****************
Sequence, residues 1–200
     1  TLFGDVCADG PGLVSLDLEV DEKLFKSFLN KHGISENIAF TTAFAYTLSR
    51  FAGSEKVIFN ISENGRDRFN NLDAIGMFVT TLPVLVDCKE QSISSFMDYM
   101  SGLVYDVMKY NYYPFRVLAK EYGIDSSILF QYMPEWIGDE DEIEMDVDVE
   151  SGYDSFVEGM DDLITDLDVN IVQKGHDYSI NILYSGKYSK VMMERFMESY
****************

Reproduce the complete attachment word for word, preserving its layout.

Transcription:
Sequence, residues 1–200
     1  TLFGDVCADG PGLVSLDLEV DEKLFKSFLN KHGISENIAF TTAFAYTLSR
    51  FAGSEKVIFN ISENGRDRFN NLDAIGMFVT TLPVLVDCKE QSISSFMDYM
   101  SGLVYDVMKY NYYPFRVLAK EYGIDSSILF QYMPEWIGDE DEIEMDVDVE
   151  SGYDSFVEGM DDLITDLDVN IVQKGHDYSI NILYSGKYSK VMMERFMESY